We have an Auron on the way for a long term test, but our initial impressions are favorable. At no point during the ride did we wish we were on a different fork, which is saying something, since the Auron comes in at a few hundred dollars less than the top tier offerings we're lucky enough to regularly ride. For riders searching for an upgrade from the stock, bare bones fork that many mid-level bikes come with, the Auron could be worth a look. - Mike Kazimer


www.srsuntour-cycling.com


110 Comments

  • + 56
 Suntour manufactured 11 million forks last year? That works out to over 30,000 forks made EVERY SINGLE DAY, including weekends (which I have no doubt they operate on weekends...). Thirty THOUSAND. Each DAY. Even though we're talking about a majority of them being extremely low-end OE forks, I'm finding this figure extremely hard to believe.
  • + 0
 11 milion is like just 0.15 % (less than 1 %) of population so maybe people in different countries are buying shunturs Wink
  • + 0
 At the SRAM product release last night SRAM said that Suntour USED to be the worlds biggest suspension manufacturer I doubt they are anymore.
  • + 4
 Remember - Suntour tons of low-end and entry-level forks Wink
  • + 3
 You have a point, they do make almost all low end no name forks
  • + 2
 I had a Suntour raidon X2 series from new a year ago, it was actually a great fork and sometimes am sad I sold it, but I sold it to buy a fox float so it's all good hahaha. Saying that I wouldn't have been unhappy if i'd have had to stick with the raidon, the rebound knob was annoying and kept falling off the bottom, and the remote lockout was temperamental but I have had those issues with my Rockshox revelations before too. I think they have a lot to learn if they want to come into the big-mountain market but... it's a bit like buying a skoda when you can afford a Ferrari... suntour will never compete with rockshox or fox in the competition market.
  • + 9
 Keep in mind that not only do they make basically all the low end OE forks, but they also manufacture forks for other companies, like DVO. I imagine they count that in the 11 million number, not just Suntour branded forks.

www.pinkbike.com/news/Bryson-Martin-Talks-About-DVO-Suspension.html
  • + 2
 Yeah you have to include all of the Wal-Mart bikes with SR Suntour forks. They are pretty common on the average person's bike.
  • + 11
 Although it might seem like an enormous number, it is accurate. Remember, Suntour has more than one factory.
  • + 9
 Plus there was all the production they do/did for Marzocchi that has ran nearly a decade. You regularly see their forks OEM on bikes up to say a grand for XC hardtails as an example, and above that not so much even though they do have major racing success and very much higher end products available. And people might laugh at them for their OEM sales to walmart bikes... but thats where the real money is in bicycles. Companies don't get rich selling a thousand $7k wonder bikes, they do it by selling 1,000,000 $200 walmart bikes.
  • - 5
flag jaredelston (Oct 5, 2013 at 12:38) (Below Threshold)
 I feel like this is like huffy trying to make a dh bike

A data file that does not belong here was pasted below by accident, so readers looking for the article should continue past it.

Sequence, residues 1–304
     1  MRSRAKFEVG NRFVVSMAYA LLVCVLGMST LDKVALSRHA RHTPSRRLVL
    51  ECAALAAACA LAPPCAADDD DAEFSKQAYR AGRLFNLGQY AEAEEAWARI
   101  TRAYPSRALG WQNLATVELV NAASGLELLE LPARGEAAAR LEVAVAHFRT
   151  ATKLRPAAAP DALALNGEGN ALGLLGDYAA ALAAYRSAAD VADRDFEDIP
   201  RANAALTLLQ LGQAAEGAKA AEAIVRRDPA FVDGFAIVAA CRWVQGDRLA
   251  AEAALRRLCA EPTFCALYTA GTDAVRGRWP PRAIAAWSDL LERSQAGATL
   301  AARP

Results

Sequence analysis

• + 16
 Huffy sponsored elite xc riders in the 90s and had titanium frames made for them by litespeed.
  • + 4
 You forget, Suntour has always made high end forks, they just put other company's logos on them. All they're doing is taking the middle mad out, and selling direct to the consumer. That means we get the same quality for a little less money (or a little better quality for the same money, depending on how you look at it) by eliminating 1 wholesale transaction.

Suntour is no different than any of the other giant Asian bicycle manufacturers. They build whatever the consumer wants at the pricepoint they want it at, quality varies with the price. If Suntour can convince people to buy despite the "low-rent" name, they're going to be a real threat to the current suspension manufacturers.

@Deeeight, you have no idea how much I wanted one of those Ti Huffy frames back in the day. So rad compared to the steel Huffy I was riding at the time.
  • + 4
 Its more "if they can convince people who aren't 40+ years old" that the SR Suntour name doesn't just mean low end forks. Those of old enough to be riding in the 80s know Suntour and SR Sakae (the two companies that merged) were both well respected names in the drivetrain world when at the time, shimano was just making garbage parts and fishing reels.
  • + 4
 Maybe they made 11 million forks.... And spoons.... And knives....
  • + 2
 Deeeight, as usual you bring some interesting facts to the table but also as usual you are pumping your ego by putting it down in a way that is supposed to make an average non-nerd person feel stupid about himself. Try writing as if there was no one else but you in the world, so you can still gratify yourself for all those things you have learned. If you plan to continue treating people this way, you should realize sooner than later that this attitude makes you rely on not knowledgeable people in order to feel good about yourself, their existence confirmed by their "uninformed opinions" are the only reason you feel smart about yourself. You feel contempt for them but so they feel another yet equally strong contempt for you. Try being satisfied with yourself with no human points of reference, particlarly bad ones. That's my latest phylosophical stuff I decided to try... Have No data to back it up withWink